The Kennedy Law Firm, PLLC - Family Law

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How Is Child Support Calculated?

The Clarksville child support lawyers at the Kennedy Law Firm, PLLC know Tennessee and Kentucky law. We closely review your finances and those of your spouse to determine the likely results of your case based on your state’s guidelines. We are also adept at uncovering income your former spouse or partner is hiding and identifying special circumstances that may justify a departure from the guidelines.

With our extensive experience and commitment to our clients in Clarksville, our attorneys can help you obtain the resources you need for the welfare of your children.

How child support works

Child support is generally ordered by the court when a child lives with only one of the parents. All states, including Tennessee and Kentucky, have guidelines by which courts determine child support. These guidelines usually take into account one or both parents’ net monthly income and may also address other domestic obligations, such as alimony. Child support guidelines are not an exact method of calculating child support in every situation, and parties can seek exceptions to the guideline amount due to special circumstances:

  • High income disparity between parents
  • Extraordinary expenses and needs
  • Healthcare costs
  • Overnights spent with the child

While federal law requires each state to establish child support guidelines, it does not dictate the particular formula he or she must use. As a result, Kentucky and Tennessee have adopted two very different sets of child support guidelines. Our attorneys at the Kennedy Law Firm, PLLC are proficient in both systems.

Tennessee child support guidelines

The state of Tennessee has adopted a “percentage of obligor income” system. This is the simpler and less common of the two dominant child support systems in the United States. Under this system, noncustodial parents are obligated to pay a percentage of their monthly net income – gross income minus taxes, union dues and other approved expenses – as child support. This percentage is fixed based on the number of children being supported and ranges from 21 percent for one child to 50 percent for five or more children.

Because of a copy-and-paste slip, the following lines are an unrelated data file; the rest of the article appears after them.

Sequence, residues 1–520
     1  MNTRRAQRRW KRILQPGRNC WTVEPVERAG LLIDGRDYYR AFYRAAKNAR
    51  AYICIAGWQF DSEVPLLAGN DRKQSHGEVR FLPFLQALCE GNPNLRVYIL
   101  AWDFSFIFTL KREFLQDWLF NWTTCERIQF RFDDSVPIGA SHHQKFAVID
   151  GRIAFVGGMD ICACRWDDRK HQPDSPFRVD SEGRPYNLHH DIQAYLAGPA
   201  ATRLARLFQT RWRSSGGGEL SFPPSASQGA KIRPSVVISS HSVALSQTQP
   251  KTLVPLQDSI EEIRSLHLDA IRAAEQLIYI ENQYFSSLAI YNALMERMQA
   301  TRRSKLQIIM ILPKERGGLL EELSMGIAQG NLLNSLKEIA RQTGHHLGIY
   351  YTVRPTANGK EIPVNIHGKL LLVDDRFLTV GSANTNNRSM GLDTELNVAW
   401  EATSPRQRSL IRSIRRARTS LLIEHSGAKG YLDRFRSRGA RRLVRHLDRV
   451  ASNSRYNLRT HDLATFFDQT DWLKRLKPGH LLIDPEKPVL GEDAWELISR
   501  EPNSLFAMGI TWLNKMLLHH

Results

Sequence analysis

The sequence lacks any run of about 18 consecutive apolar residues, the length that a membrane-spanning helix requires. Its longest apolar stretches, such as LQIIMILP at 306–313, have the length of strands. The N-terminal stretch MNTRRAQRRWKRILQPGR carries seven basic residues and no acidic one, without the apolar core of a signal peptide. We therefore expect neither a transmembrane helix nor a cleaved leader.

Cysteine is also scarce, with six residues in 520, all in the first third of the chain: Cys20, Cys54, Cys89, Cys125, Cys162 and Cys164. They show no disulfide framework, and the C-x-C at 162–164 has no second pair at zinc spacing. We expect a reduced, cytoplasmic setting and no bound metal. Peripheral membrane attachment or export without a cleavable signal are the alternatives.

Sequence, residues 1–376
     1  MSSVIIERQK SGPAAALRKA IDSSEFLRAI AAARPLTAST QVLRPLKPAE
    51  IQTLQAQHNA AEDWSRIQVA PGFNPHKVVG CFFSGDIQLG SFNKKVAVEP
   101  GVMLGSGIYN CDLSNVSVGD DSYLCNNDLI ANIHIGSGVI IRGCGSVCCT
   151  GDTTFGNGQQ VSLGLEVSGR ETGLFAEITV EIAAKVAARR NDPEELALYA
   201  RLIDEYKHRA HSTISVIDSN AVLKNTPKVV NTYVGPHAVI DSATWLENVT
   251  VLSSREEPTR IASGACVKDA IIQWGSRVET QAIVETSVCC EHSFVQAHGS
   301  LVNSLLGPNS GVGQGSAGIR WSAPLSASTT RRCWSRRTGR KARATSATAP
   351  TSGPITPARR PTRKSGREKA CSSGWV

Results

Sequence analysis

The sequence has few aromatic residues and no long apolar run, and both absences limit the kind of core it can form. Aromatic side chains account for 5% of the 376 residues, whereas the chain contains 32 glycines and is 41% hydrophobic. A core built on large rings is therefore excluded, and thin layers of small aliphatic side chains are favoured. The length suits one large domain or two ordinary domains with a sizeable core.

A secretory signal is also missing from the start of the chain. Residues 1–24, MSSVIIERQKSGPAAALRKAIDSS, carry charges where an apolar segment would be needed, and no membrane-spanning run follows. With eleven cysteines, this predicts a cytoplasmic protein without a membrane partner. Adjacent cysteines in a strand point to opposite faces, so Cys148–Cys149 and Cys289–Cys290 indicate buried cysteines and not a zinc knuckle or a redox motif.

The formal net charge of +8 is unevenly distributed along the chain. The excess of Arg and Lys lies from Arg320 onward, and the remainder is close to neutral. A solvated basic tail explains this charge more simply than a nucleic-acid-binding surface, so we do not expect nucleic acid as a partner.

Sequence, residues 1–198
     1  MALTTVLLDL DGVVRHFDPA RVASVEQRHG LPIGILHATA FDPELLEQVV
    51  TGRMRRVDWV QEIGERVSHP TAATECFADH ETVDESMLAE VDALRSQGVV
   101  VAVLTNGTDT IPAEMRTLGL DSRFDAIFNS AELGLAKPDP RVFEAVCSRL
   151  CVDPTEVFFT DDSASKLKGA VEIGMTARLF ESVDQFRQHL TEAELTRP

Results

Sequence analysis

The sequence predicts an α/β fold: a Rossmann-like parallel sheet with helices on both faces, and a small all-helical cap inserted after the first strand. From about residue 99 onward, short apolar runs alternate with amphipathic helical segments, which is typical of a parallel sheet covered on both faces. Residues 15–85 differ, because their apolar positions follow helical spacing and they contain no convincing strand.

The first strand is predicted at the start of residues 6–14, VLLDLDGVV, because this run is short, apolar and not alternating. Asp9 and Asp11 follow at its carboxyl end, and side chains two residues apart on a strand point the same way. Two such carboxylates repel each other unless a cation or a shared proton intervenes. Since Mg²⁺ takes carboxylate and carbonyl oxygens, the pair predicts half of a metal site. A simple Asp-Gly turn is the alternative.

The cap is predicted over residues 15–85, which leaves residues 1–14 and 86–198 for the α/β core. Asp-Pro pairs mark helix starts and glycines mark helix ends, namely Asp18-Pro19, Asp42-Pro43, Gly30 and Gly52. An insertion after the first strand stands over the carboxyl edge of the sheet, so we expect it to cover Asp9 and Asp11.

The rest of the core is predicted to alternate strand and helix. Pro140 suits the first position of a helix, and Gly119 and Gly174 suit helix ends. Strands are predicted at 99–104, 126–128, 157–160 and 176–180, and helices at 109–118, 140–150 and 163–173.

Kentucky child support guidelines

The Commonwealth of Kentucky uses the more common “combined monthly parental income” system. This system considers the adjusted incomes of both parents and determines a combined support obligation based on what a household with that income would be expected to spend on the number of children being supported. The combined obligation is allocated between the parents based on their respective incomes. The portion allocated to the noncustodial parent is paid as child support.

Frequently asked questions

My income has increased because the court ordered child support. Can I be penalized for not paying more because of my increased income?

In most situations, child support increases are only retroactive to the date the motion to modify child support is filed. However, many courts and child support collection agencies require noncustodial parents to report his or her income on a regular basis to ensure smooth modification proceedings. If your orders stipulate that, and you failed to report your income, you might have some problems. If your orders do not require you periodically to report your income, there is usually no obligation to pay anything more than what was ordered.

My ex is behind on alimony and child support. What recourse do I have?

You can go to the clerk’s office at the court where child support was ordered and request the clerk to issue a garnishment against the supporting parent’s wages. To do this, you need to know your ex-spouse’s place of employment, address and Social Security number. If payments are at least one month behind, the court sends a garnishment to the employer, and the support is taken out of your ex-spouse’s paycheck. You can also go after your ex-spouse’s property, but this is a longer process and might not be as helpful, because cars and homes are often leased and mortgaged. You can also file a petition for contempt and get an order to show why the payments are not being made. This puts your ex-spouse back in court. Recent laws allow child support enforcement agencies to cooperate across state lines, putting you in a better position if your ex-spouse lives out of state.

Contact us today for help getting a fair support order

Our attorneys at the Kennedy Law Firm, PLLC represent parents in Kentucky and Tennessee on both sides of child support proceedings. We understand how important these payments can be to a custodial parent and how much of a burden an unfair award can be to a noncustodial parent. We are committed to ensuring our clients receive fair treatment. If you want to schedule a free consultation at one of our Clarksville offices to learn what we can do for you, call us today at or contact us online. We look forward to discussing your legal issue.